X POSTED FROM TERRORISTAN Vikram Sood Says That India Should Not Have Agreed To The Ramzan CeasefireNational Security: Time to act, not react or appease
May 28, 2018
R Thirumani, who had come on holiday to Kashmir with his family, was killed by stone-pelters earlier this month. His only misfortune is that he was in the wrong place at the wrong time.One of those 3,970 ‘stone-pelters’ pardoned by chief minister Mehbooba Mufti three months ago killed Thirumani. As has been typical in such cases, the response from the many normally loquacious commentators has been muted. It is necessary to remind them, for whatever it is worth, that these stone-pelters were responsible for injuries to over 11,566 security personnel and thousands of civilians.
It took a Kashmiri politician, Peoples Democratic Party’s Yasir Reshi, to remind us what many Kashmiris have become. He called them ‘qatils’ (murderers) for killing an innocent young tourist. ‘Kashmiriyat’ (Kashmir’s inclusive tolerance) and ‘insaaniyat’ (humanism) were gone, he added.
What he did not say was that ‘Islamiyat’ has taken over. We prefer to call them stone-pelters as we have a tendency of not wanting to face the truth. These stone-pelters are just thugs on daily wages. Some of us agonise over the killing of a professor-turned-terrorist. But there is no human-interest story about Thirumani of the kind that appears when security forces shoot down a terrorist.
We forget that Osama bin Laden was an engineer, Ayman Al Zawahiri a dentist and Hafiz Saeed a professor. It is this double standard that has made many cynical about Reshi’s agony. Kashmir is in this present state largely because of repeated mistakes by our politicians for the last three decades.
Good governance was never a priority. Former National Conference chief minister Farooq Abdullah was dethroned through a ‘palace coup’ in 1984, and his brother-in-law, Gul Mohammed Shah, replaced him, who began to coddle the Islamists. This was the beginning of the decline. The kidnapping of Rubaiyya Syed, daughter of then J& K home minister Mufti Mehmood Sayeed, and the manner in which the inept VP Singh government caved into the kidnappers’ demands, was another abject landmark. This was the spark that lit the fire in the 1990s.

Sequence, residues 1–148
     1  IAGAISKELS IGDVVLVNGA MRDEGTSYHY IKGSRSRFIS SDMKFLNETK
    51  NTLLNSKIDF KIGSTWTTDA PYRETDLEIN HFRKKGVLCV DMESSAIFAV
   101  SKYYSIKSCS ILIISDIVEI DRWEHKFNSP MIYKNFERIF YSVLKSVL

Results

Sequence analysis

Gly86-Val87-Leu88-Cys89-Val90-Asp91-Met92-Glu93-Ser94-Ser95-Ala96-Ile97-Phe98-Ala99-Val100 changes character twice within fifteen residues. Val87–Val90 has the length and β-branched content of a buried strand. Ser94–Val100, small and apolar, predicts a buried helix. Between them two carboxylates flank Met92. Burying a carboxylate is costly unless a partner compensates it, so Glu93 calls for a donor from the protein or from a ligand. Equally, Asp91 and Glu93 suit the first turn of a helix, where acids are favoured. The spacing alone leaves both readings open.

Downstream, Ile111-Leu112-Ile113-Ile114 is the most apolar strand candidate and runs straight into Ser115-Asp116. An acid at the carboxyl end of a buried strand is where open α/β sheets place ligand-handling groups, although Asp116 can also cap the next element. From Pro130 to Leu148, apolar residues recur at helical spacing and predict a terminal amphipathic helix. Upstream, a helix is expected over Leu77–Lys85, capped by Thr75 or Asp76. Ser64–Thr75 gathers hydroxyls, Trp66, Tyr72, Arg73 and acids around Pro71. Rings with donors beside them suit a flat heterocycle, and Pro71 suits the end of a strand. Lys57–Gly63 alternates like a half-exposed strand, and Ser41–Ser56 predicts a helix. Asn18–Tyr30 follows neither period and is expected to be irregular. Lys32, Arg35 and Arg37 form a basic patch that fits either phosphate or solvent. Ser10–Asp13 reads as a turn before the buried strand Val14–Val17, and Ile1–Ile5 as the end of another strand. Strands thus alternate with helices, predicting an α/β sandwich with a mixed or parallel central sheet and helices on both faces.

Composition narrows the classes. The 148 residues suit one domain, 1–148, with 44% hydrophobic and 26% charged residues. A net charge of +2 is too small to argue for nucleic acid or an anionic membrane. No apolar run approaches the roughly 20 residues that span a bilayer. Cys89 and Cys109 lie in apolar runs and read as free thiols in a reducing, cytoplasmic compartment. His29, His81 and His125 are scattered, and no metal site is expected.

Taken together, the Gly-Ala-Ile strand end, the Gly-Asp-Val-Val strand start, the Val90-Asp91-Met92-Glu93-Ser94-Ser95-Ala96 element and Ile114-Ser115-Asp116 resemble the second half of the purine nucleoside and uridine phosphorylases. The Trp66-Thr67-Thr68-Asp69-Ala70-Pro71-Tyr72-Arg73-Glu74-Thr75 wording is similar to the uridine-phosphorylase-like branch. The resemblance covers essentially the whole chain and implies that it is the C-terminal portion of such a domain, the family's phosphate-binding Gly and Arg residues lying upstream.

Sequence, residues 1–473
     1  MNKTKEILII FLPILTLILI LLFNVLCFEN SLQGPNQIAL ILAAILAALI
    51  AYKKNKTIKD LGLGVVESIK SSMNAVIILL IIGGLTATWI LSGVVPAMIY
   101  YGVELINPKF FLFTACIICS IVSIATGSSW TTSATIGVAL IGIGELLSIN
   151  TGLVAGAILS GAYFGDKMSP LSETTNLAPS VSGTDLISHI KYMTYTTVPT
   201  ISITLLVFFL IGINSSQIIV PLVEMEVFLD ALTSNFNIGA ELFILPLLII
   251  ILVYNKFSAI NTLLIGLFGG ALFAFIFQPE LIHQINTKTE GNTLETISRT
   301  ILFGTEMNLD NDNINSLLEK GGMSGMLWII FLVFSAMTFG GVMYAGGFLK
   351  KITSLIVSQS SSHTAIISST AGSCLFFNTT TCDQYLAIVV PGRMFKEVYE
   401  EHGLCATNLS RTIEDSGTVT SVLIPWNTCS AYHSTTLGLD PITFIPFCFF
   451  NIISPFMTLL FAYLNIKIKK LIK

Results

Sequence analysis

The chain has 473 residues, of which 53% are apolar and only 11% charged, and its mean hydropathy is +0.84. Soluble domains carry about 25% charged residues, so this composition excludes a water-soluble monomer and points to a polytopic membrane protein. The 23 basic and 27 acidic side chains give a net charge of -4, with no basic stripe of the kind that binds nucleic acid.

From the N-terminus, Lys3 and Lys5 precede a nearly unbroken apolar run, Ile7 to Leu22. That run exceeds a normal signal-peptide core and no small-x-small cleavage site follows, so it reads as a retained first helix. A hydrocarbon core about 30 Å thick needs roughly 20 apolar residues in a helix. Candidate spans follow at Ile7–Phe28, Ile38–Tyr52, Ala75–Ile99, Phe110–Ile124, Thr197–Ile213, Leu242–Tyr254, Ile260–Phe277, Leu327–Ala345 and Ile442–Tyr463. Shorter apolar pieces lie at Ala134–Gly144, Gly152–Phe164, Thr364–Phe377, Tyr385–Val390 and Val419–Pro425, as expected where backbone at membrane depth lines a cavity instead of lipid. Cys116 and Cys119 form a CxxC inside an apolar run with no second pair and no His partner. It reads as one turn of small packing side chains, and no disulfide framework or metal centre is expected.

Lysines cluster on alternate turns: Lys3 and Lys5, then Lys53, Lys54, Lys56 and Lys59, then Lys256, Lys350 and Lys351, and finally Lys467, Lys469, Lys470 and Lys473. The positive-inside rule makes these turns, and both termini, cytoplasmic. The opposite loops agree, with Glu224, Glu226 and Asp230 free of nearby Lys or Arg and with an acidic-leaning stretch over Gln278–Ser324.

Pakistan unleashed all its jihadi forces. Indian overtures like the Lahore bus were negated by Kargil intrusions. For long after, and through many governments, India oscillated between threatening to teach Pakistan a lesson and making overtures of peace.
For long, we have believed that cyclical gestures of generosity would bring the Pakistani government around. We simply failed to grasp that the Pakistani army cannot afford peace with India for fear that it will lose a country it owns. Besides, a country that has an estimated 100,000 bigots armed for jihad cannot afford peace with India because demobilised jihadis will become an internal menace for Pakistan.
It already has . The TTP is now an internal menace for Pakistan . They want a much "greener Pakiland"
The pattern has been that each time politicians muddy the situation, security forces have to step in to clean the mess. Prime Minister Atal Bihari Vajpayee called off the November 2000 Ramzan ceasefire six months after terrorist violence increased. A ceasefire at the beginning of the jihadis’ summer offensive is just what they needed. After relentless pressure from armed forces, this allowed them to recoup and regroup for continued terrorist activity.
Very true !
Besides, as Indian Army veteran, Major Surendra Poonia asked, “Why do we want ceasefires in the month of Ramzan? Why not during Diwali/Durga Puja, or Christmas?” Magnanimous gestures and grand concessions are a function of strength and victory. Otherwise, they are appeasement.
In any negotiations with insurgents, GoI will necessarily be making concessions because insurgents have nothing to give in return. Premature negotiations also tantamount to appeasement. Periodic sops have become an entitlement.
Let us also not get beguiled by a glib talk from Pakistan’s army chief Qamar Javed Bajwa about peace with India. This is only for effect and has happened before. The general is currently preoccupied. He has to retain the army’s primacy in Pakistan to manipulate elections, mainstream Pakistan’s senior-most jihadis, subdue the restive Pashtuns and control Afghanistan.Pakistan has consistently taken advantage of India’s vacillation. Instead, what India needs is to give up policies of political expediency and appeasement in the Valley. In dealing with Pakistan, we must cease to be merely reactive and perpetually hopeful that Pakistan policies towards India will change. Instead, we need to draw up our own plan of action that hurts the opposition.